India was very close to Karl. It’s a pity he never came here but he carried this place in his heart,” says Caroline Lebar, from the eponymous fashion house and designer label named after German designer and photographer Karl Lagerfeld. She goes on to stream the famous Paris-Bombay Métiers d’Art show, which Lagerfeld designed for Chanel in 2011/2012, on her phone for us, as a testament to the late designer’s attachment to India. “This was a homage to India,” adds Lebar, as we meet her hours before the launch of the collection in New Delhi.
Lebar and her colleague, Maggie Priori, were in India over the weekend to launch a special India Capsule in collaboration with Cover Story, one of India’s homegrown premium fast fashion brands. “We have been working on this for about an year now,” adds Manjula Tiwari, CEO of Cover Story, “It started with us getting a call from the design house, suggesting we get in business together. Initially, we were taken by surprise.” Priori, Head of Liaison at the fashion house, says, “I was visiting India last year, and chanced upon a Cover Story outfit in a store window, and I walked in. I liked what I saw. And here we are.”
The 80-piece collection, available at Cover Story’s Delhi and Mumbai outlets, is a bit of a departure from the usual aesthetics of the brand. There are a lot of monochromatic tones and sharp silhouettes — in line with the Karl Lagerfeld ethos. The designer, who passed away earlier this year, championed the cause of monochrome separates. Daywear includes basic black-and-white ensembles, but we see a sporadic burst of red as well. To spice things up, there is a snow leopard print, and a houndstooth imprint as well. There are androgynous tuxedos — in both suit and dress options, besides sequinned jumpsuits and knitted dresses that are apt for evening wear.
This is not the first foray of Karl Lagerfeld in fast fashion. They did it in 2004 with Swedish clothing brand, H&M. Lebar affirms it was against her advice. “I told Karl not to do it, and yet he went ahead with it, he did things instinctively. The H&M collaboration was a huge success. It changed the way fast fashion was perceived in the world. This is a testimony to who he was, that I could go and advice him ‘no’ for something. I wasn’t fired. I am so happy that I was wrong,” adds Lebar, who has been with the design house for more than 30 years. She started as an intern, and never left.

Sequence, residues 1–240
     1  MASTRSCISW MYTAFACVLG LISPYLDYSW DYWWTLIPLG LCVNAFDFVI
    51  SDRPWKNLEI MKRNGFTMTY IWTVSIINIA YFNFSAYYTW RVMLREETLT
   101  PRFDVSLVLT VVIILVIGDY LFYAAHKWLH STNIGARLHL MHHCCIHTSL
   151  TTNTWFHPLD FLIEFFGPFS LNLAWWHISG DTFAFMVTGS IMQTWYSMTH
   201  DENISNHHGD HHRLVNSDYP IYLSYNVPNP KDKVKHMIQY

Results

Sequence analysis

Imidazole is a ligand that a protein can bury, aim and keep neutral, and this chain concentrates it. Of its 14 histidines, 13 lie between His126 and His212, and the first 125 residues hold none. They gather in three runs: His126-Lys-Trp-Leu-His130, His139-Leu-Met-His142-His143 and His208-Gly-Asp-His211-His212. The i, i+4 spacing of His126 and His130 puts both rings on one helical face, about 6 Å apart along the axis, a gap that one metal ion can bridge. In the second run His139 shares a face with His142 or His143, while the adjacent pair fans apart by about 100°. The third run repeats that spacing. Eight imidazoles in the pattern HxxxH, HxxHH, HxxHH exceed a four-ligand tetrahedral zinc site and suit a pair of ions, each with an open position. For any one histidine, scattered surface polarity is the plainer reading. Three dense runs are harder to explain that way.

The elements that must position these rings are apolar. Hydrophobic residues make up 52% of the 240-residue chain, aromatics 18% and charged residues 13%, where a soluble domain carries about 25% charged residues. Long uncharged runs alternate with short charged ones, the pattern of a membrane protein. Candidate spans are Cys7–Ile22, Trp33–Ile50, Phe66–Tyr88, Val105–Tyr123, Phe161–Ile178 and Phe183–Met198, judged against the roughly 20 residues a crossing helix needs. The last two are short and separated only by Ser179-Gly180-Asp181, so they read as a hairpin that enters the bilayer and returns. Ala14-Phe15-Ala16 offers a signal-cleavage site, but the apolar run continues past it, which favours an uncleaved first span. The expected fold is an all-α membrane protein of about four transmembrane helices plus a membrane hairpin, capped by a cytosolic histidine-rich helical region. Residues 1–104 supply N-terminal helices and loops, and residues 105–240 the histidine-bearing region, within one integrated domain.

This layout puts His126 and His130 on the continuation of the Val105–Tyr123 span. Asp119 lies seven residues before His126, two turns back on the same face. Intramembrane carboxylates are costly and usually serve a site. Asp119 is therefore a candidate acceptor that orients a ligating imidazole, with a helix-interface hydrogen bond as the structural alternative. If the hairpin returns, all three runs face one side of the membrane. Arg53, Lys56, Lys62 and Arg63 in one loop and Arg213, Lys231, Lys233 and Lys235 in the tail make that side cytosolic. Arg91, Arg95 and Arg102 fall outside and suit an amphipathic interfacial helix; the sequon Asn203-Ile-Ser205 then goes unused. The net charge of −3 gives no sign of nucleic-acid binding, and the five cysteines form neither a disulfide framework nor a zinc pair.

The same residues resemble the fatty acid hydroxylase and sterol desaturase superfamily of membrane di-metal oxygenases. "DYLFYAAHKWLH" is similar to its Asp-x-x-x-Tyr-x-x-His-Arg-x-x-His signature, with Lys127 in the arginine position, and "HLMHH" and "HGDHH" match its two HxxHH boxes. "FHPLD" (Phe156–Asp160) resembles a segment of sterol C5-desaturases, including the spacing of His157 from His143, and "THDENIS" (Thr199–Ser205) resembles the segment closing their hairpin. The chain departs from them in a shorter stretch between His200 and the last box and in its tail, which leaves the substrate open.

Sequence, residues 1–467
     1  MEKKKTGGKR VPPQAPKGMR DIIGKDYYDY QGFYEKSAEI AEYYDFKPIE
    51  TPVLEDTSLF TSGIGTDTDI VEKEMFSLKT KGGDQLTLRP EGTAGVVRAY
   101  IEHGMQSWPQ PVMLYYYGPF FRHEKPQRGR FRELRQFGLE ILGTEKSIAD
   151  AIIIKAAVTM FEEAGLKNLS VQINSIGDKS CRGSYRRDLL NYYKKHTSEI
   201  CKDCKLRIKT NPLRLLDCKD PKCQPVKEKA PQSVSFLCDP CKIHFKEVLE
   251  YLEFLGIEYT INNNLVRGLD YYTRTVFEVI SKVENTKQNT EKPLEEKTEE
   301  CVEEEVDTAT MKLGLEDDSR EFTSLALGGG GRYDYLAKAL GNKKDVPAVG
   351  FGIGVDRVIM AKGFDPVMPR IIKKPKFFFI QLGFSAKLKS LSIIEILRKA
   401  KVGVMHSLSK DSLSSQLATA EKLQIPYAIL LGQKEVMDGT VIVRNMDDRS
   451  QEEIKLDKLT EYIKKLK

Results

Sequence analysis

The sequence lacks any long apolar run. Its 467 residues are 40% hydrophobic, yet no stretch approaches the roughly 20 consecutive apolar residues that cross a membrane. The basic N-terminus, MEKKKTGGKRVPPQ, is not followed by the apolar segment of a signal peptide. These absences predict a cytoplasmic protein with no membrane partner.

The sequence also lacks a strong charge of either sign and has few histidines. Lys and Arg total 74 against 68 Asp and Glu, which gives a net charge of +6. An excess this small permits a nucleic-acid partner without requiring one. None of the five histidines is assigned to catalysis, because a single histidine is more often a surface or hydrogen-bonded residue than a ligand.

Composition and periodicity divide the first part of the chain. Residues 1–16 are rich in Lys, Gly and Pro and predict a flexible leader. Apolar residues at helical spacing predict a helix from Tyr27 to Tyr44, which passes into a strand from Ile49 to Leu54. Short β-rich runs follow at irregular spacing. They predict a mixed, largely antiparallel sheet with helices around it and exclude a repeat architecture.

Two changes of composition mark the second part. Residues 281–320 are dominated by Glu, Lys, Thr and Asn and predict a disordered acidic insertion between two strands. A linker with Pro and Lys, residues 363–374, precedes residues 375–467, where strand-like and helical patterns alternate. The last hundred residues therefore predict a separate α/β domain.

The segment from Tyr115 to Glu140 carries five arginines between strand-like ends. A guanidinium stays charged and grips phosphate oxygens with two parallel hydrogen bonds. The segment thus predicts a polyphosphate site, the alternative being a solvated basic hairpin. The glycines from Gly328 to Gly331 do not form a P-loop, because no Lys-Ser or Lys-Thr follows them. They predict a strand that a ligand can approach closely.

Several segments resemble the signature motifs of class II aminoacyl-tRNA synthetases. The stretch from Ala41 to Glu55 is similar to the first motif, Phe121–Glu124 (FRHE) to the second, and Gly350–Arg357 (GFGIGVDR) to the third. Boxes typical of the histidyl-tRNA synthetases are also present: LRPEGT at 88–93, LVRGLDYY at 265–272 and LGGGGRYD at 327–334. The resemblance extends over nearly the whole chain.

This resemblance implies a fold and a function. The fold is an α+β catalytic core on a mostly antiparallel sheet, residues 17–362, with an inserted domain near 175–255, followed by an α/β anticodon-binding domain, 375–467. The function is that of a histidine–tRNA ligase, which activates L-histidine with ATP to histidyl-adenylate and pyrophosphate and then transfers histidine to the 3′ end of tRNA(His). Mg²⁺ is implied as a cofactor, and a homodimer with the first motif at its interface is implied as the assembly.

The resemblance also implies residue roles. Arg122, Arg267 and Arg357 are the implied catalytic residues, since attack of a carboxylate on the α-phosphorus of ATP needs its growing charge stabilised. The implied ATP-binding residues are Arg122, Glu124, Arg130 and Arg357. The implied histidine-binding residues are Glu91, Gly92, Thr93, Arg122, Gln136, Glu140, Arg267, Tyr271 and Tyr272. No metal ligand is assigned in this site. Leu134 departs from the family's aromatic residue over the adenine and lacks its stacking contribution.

The team took special care to accommodate the varied shape of the Indian woman in the designs. “We could have honestly gone with anyone, but that’s where Manjula came in. She told us how perhaps our heavy velvet offerings — a signature of the label — won’t work in India, given the climate. We could do something very Karl — like a crocodile print— which works in the Middle-East, but it will work better here if it’s limited edition. We could bring in the very sharp ‘Karl’ silhouette but they might not work here, given the Indian body. What’s the point of making something which doesn’t fit you, even if it’s your size — because it’s not meant for your shape,” says Lebar. The collection is priced competitively, between Rs 5,000 and Rs 15,000. “The collaboration works because they were not prescriptive in their approach. Accessible luxury was the combined theme,” says Tiwari, who has earlier worked with brands such as United Colors of Benetton and Jabong, among others.
The two parties understand that this collaboration is a risk, but that’s the Lagerfeld ethos. “Karl always took risks. In the mid-’80s when he took over Chanel, it was a dead, decaying fashion house. Coco Chanel had died about five years ago, but was still very much an icon in public memory. There were people like Kenzo and Jean Paul Gaultier around him, who advised him against it. But he went ahead and revived it,” recalls Lebar, 53.
India has been an interesting experience for the label and for Lebar as well, personally. “I see how being dressy is a way of life. I saw a woman in Mumbai on a ferry. She was wearing this heavily embroidered pink saree. She had her feet up, and leaned on the railing with no care in the world. In France, when you are dressed up, you sit up straight, you are so attentive and formal. Here in India, design, fashion and looking good is woven into the DNA,” adds Lebar.
Both the design houses, Cover Story and Karl Lagerfeld, are keeping in with the debate around sustainable fashion and ethical practices in the industry. “The companies need to be mindful of the materials we use. But there has to be a conscious choice by consumers as well; they should be willing to invest more in what will last longer,” says Tiwari. “We need to recycle, reuse. I like fast fashion because I can reinvent who I am. But that means we should be careful about what we do afterwards. Cotton T-shirts can be upcyled and made into paper,” adds Lebar.